Australian Indigenous Contexts and Childhood Experiences

Abawi, Lindy-Anne and Cooper, Megan and Andersen, Cecily and Fossey, Wayne and Holborn, Priscilla (2018) Australian Indigenous Contexts and Childhood Experiences. Oxford Bibliographies (Online). pp. 1-30.

Abstract

In Australia, people from an Aboriginal or a Torres Strait Islander background are often collectively referred to as Australian Indigenous peoples. This can be problematic because of the vast diversity of people falling under this heading. Since colonization, markers of social disadvantage for Australian Indigenous children continue to be a concern, and government efforts to address the issues have been sporadic and largely ineffective. The 2017 Closing the Gap report showed Indigenous attendance rates in government schools were 10 percent lower than non-Indigenous rates in all grades overall, with attendance rates dropping further in remote locations. The report also showed that the proportion of Aboriginal and Torres Strait Islander students at or above the national minimum standards in reading and numeracy showed no statistically significant improvement nationally, thus maintaining the marked gap between Indigenous and non-Indigenous students, which again is much greater in remote areas. Australian Bureau of Statistics data in the area of health showed that, based on standardized proportions, Aboriginal and Torres Strait Islander children were twice as likely as non-Indigenous children to have asthma, more likely than non-Indigenous children to have diseases of the ear and/or hearing problems, more likely than non-Indigenous people to have heart or circulatory diseases, and three times as likely as non-Indigenous children to get diabetes later in life. But do statistics portray the true story of Australian Indigenous childhood experiences? This sort of deficit discourse creates a homogeneous and shallow understanding of the reality. For example, the language used within such benchmarking reports is itself problematic. Policies underpinning such reports position Indigenous people as being somehow 'deficient,' whereas it is better to assess needs according to context rather than on a comparative basis. Extending understandings of social markers, and allowing the rich milieu of Australian Indigenous families to be valued, helps to build a new discourse underpinned by positive recognition of, and pride in, Australian Indigenous cultures. In order to present a comprehensive picture of Australian Aboriginal childhood today, the texts that have been selected for this bibliography are contextualized under a number of themes. Some themes may seem only indirectly related to childhood studies, but each has been chosen because the texts within throw light onto the rich tapestry of what influences Australian Indigenous childhood experiences. The first of these themes is the 'cultural interface,' a theory underpinning the perspectives of the authors’ of this article, on the intersection between culture and society for both Indigenous and non-Indigenous Australians.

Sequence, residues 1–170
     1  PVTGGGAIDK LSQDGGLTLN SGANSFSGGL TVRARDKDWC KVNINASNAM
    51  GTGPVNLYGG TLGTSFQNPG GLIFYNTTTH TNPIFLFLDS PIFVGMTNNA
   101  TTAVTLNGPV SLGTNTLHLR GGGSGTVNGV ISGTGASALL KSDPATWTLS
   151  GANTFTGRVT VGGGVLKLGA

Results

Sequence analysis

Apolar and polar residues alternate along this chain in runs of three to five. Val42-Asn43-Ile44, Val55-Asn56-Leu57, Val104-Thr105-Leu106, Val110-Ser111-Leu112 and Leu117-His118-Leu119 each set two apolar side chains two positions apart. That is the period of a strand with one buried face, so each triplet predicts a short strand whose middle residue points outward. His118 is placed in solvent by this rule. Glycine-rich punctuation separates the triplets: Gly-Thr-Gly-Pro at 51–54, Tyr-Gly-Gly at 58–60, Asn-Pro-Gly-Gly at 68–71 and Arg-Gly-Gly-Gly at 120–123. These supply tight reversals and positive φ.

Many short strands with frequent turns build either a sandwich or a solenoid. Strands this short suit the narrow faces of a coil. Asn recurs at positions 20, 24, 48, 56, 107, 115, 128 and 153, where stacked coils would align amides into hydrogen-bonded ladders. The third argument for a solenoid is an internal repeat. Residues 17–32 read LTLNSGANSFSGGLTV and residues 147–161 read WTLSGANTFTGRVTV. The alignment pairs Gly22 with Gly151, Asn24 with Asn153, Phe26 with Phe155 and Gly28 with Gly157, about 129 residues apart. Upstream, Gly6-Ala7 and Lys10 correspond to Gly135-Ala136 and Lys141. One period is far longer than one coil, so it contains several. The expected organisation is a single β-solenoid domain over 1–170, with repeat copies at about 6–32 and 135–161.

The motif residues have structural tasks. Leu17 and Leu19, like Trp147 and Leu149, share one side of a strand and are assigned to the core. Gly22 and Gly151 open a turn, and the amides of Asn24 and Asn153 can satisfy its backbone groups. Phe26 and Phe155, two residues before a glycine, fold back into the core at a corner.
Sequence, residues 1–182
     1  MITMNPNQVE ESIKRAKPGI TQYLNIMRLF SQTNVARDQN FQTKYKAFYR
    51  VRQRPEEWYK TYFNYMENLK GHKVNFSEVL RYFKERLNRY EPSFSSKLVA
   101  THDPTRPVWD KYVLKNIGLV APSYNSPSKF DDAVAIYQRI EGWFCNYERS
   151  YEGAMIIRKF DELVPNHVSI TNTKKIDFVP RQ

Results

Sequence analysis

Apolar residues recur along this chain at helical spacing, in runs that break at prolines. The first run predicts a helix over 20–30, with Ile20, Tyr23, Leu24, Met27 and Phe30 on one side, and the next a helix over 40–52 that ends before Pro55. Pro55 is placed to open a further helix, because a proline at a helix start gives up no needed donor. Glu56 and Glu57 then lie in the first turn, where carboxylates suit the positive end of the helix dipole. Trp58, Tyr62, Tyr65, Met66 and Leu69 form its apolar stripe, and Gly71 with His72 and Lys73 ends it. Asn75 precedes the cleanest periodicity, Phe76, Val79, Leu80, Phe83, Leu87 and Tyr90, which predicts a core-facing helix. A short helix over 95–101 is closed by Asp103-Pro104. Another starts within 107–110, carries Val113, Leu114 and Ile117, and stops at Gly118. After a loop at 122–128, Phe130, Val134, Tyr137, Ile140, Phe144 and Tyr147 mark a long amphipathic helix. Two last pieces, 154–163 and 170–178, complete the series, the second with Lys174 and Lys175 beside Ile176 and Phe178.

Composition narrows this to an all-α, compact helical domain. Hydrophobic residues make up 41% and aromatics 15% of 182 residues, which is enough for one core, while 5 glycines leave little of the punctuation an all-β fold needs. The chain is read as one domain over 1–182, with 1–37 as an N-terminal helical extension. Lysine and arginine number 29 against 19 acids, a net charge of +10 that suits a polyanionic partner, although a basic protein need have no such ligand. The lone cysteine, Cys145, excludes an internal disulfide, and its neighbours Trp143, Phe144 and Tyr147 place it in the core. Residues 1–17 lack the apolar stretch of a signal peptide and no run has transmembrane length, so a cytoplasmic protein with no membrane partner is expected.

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Item Type: Article (Commonwealth Reporting Category C)
Refereed: Yes
Item Status: Live Archive
Additional Information: Restricted access to published version in accordance with the copyright policy of the publisher.
Faculty / Department / School: Current - Faculty of Business, Education, Law and Arts - No Department
Date Deposited: 14 Jun 2018 06:10
Last Modified: 25 Jun 2018 03:53
Uncontrolled Keywords: Australian Indigenous; Aboriginal; Torres Strait Islander; childhoods
Fields of Research : 16 Studies in Human Society > 1603 Demography > 160301 Family and Household Studies
13 Education > 1303 Specialist Studies in Education > 130301 Aboriginal and Torres Strait Islander Education
Socio-Economic Objective: C Society > 92 Health > 9203 Indigenous Health > 920399 Indigenous Health not elsewhere classified
C Society > 93 Education and Training > 9302 Teaching and Instruction > 930201 Pedagogy
C Society > 95 Cultural Understanding > 9505 Understanding Past Societies > 950503 Understanding Australia's Past
Identification Number or DOI: 10.1093/OBO/9780199791231-0202
URI: http://eprints.usq.edu.au/id/eprint/34060

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